And so, since this application does not comply fully with the townscape policies of the Bournemouth Local Plan, the Society has decided that it should be deferred for further consideration and improvement.
21 Spencer Road ( between Southcote and Knyveton Roads ) Ref. No. 7-2023-1409-B
This is an application to create seven rather more spacious flatlets in place of the existing nine bed spaces at present provided in this late nineteenth century dwelling at present used as an HMO. This building is not an exceptional piece of architecture and the new extension, which would take the place of a single storey annexe, would be relatively utilitarian with modern sash windows and a hipped roof
The Society is of the opinion that the provisions for the existing accommodation are already rather overcrowded and the existing site restrictions are too limited to take the proposed extension; moreover the new built footprint would appear much larger than those of properties in the immediate vicinity. If granted we think the general spatial context of this part of Southcote Road would be disturbed.
Under the circumstances, the Society has decided that because this application in no way enhances the townscape policies of the Bournemouth Local Plan, it should be refused.
72 Browning Avenue ( corner of Boscombe Overcliff Drive ) Ref. No. 7-2023-15650-B
This application is for the construction of a four storey block of flats in the modernist style in place of a substantial, well designed house standing in fine gardens, exhibiting double bay windows at the extremities of the front elevation with a hipped roof above. The middle sized block would be typical of the new residential development that in recent years has gradually replaced the original inter –war Arts and Crafts style detached houses. The new built foot print would be considerably larger and extend further into the original garden towards the Boscombe Overcliff Drive. Each storey would be fronted by floor to ceiling glass panels intermittently separated by wall strips or concrete stanchions and surrounded by communal balconies.
The Society feel strongly that what is proposed is in no way an exceptional design and is indeed instantly forgettable in common with a considerable number of other modern flat blocks that have been built along the Boscombe Overcliff in recent years. We greatly deplore this general trend that is only taking place for the sake of financial gain and as such we echo local opinion which feels that such overlarge schemes are out of keeping with the area where there is a more urgent need for family houses.
However if it is now too late to substantially reverse such visual changes that have now been in train for over two decades the Society thinks that the design of the new property should have a more distinct visual emphasis. We think a more balanced ratio between wall and window should be made, the extremities of the block should be better emphasised and a gentle hipped roof should crown the building.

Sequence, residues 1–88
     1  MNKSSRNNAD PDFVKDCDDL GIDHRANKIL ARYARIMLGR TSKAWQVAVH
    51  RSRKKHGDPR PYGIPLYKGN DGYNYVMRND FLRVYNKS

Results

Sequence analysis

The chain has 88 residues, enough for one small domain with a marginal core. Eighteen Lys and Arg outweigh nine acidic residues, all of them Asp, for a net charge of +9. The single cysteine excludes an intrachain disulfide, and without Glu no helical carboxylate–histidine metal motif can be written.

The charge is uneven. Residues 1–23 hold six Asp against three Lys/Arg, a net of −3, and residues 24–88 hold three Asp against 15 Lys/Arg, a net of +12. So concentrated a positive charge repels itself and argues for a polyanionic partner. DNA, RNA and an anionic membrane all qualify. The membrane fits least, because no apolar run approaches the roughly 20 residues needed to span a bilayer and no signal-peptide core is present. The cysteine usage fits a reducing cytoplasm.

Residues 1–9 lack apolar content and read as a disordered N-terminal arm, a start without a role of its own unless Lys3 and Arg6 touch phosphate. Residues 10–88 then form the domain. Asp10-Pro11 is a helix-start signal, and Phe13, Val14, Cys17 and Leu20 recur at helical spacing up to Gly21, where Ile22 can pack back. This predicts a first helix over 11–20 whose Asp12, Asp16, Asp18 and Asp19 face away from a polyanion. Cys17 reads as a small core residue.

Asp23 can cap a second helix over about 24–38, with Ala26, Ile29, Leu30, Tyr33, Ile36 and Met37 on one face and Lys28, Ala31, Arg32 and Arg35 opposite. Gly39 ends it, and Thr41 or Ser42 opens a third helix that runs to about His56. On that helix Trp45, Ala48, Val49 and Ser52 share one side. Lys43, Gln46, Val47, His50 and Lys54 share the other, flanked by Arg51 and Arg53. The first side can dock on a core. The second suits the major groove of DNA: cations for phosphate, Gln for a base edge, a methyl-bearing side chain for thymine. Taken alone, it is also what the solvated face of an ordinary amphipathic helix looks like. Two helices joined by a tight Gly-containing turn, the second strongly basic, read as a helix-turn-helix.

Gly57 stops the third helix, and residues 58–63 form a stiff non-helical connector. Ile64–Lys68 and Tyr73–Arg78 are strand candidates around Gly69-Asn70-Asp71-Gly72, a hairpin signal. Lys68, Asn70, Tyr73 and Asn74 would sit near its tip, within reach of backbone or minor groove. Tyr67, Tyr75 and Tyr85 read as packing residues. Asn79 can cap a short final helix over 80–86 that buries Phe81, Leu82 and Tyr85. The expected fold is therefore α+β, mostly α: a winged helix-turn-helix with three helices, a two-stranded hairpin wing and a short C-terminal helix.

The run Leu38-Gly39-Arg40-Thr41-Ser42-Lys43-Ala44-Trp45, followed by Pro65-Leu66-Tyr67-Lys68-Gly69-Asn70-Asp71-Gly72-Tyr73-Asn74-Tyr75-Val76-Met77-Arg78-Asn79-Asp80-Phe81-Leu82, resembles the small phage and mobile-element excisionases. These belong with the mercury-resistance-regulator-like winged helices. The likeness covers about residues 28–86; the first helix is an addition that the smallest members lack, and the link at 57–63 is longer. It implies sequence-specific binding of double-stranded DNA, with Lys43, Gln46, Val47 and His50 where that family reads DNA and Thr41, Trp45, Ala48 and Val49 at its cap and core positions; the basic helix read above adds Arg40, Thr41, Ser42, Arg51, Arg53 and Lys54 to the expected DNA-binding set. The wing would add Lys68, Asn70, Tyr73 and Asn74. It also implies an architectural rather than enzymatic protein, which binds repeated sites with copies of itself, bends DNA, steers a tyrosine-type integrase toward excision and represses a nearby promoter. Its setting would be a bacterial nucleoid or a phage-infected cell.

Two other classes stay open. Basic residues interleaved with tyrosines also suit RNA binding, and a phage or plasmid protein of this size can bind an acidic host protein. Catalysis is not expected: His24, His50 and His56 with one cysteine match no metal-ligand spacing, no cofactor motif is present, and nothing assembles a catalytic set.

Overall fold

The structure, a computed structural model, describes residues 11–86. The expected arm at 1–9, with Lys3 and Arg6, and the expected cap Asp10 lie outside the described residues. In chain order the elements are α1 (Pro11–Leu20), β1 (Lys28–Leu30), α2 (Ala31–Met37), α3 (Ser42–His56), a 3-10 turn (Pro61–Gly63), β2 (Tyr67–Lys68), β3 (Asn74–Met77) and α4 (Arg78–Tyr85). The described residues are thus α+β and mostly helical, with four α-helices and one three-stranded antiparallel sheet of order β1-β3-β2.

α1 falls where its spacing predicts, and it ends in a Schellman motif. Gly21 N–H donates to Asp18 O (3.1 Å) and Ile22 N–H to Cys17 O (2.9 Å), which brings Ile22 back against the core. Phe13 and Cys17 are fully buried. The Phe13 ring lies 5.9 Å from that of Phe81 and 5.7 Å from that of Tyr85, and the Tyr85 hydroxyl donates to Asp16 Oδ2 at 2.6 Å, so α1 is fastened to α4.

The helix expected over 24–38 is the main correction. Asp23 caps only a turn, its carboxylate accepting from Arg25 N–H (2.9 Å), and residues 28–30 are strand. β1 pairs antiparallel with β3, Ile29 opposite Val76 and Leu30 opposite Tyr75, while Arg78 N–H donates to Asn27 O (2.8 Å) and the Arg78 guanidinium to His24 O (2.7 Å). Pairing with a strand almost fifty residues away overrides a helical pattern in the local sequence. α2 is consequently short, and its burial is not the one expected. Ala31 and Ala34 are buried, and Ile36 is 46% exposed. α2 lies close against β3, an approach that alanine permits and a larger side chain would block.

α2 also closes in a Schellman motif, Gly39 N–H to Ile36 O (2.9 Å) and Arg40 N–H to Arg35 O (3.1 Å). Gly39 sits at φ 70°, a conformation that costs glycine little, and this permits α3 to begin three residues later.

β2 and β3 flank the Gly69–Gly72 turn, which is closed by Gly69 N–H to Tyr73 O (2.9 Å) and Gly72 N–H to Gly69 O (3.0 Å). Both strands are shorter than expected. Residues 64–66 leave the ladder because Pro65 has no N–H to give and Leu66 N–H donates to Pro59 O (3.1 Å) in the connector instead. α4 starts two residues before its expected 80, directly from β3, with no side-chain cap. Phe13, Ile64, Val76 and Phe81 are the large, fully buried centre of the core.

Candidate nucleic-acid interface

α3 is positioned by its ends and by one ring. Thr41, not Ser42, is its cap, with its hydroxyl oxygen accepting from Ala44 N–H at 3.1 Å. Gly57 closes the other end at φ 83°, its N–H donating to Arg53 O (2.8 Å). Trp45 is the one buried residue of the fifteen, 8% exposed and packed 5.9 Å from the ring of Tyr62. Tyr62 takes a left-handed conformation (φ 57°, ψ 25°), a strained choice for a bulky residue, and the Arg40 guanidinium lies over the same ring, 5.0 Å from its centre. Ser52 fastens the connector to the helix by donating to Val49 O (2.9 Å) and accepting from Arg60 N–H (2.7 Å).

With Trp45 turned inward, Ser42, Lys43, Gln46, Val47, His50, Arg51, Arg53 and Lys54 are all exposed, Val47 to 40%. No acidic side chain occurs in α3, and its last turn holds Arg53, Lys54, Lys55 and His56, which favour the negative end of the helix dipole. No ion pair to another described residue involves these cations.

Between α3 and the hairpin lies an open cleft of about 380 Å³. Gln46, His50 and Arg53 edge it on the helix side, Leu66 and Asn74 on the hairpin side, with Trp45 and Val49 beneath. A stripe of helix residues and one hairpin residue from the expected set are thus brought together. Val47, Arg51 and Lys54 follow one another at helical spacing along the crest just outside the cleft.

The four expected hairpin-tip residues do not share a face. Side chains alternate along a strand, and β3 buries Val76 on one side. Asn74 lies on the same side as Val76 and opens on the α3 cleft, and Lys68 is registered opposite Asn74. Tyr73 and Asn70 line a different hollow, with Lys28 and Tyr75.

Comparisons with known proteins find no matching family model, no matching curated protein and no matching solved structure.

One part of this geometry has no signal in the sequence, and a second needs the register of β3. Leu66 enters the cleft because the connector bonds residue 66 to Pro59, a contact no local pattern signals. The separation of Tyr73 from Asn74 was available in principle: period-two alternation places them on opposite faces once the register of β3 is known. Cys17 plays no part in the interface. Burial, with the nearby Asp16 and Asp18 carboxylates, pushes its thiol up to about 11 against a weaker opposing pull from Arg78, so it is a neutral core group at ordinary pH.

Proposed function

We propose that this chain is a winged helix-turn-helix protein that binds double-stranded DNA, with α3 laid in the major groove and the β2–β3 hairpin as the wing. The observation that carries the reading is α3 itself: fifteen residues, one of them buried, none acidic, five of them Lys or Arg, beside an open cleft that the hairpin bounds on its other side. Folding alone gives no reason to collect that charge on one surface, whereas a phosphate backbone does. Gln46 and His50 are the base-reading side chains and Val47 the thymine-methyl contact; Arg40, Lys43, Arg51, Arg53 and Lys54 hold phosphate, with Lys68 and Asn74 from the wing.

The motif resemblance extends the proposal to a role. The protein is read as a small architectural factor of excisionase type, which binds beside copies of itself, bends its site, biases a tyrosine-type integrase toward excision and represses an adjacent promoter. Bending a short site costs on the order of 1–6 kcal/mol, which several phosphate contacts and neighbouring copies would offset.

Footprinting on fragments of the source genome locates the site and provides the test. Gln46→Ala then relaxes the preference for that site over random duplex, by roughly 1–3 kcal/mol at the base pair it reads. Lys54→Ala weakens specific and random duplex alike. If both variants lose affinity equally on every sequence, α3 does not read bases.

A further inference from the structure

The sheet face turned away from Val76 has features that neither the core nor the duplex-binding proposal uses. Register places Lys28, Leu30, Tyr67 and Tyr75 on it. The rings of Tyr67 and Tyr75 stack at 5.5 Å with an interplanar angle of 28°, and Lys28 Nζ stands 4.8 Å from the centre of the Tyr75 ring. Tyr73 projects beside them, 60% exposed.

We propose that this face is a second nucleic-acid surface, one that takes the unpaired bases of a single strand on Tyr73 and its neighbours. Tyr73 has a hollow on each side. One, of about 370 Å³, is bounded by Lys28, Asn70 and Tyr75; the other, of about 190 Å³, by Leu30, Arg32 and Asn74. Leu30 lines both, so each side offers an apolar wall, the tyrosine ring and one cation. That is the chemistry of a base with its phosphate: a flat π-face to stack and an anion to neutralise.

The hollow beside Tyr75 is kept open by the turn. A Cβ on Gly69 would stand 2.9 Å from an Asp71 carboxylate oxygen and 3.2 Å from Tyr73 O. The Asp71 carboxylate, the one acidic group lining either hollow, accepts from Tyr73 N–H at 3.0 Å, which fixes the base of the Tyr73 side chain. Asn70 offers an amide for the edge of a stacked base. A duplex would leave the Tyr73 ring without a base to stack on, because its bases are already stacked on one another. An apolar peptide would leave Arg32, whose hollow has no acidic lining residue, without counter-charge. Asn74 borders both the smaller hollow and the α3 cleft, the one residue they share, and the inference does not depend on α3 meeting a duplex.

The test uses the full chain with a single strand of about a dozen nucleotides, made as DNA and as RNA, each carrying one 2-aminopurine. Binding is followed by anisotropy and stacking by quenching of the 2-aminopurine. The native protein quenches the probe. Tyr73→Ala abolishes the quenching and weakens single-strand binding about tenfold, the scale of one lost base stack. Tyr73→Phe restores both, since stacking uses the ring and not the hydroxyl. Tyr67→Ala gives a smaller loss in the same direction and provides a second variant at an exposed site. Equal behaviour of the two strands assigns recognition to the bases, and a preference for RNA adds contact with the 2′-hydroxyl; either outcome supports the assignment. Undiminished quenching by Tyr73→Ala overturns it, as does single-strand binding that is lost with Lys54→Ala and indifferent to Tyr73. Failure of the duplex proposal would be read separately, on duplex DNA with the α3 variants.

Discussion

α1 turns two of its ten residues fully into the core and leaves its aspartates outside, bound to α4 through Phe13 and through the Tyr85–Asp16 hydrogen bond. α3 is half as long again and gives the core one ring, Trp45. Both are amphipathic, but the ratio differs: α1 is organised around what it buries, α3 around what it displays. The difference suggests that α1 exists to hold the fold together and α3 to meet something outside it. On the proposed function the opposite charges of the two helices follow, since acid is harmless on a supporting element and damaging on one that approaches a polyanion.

Under these circumstances the Society is of the opinion that since this application does not fulfil the conditions of the townscape policies of the Bournemouth Local Plan, it should be deferred for further discussion and improvement.
240-242 Kinson Road, Kinson Ref. No. 7-2023-28857-A
This is an application to construct four narrow, two storey houses on a combined severed site, two behind 242 Kinson Road and two behind 240 Kinson Road. Each house would take the form of an elongated rectangle with French windows and modern windows in sections and a pitched roof above.
The Society notes that here is yet another example of an attempt to cram four very small properties on to a very restricted space which is already part of a pre war developed, urban site. Local opinion also worries over problems of increased traffic. We very much hope that the Planning Department will continue to act strongly against these developments promoted merely for financial gain, of the existing planning system.
Consequently since this application in no way enhances the townscape policies of the Bournemouth Local Plan, the Society has no hesitation in deciding that it should be refused.
21-29 Spring Road Ref. No. 7-2023-5777-Q
This is an application to build two pairs of semi-detached houses on the site of disused industrial premises. Each block would be designed in the form of nineteenth century artisan cottages with symmetrically positioned modern sash windows on both facades, double entrances at the front and a pitched roof above.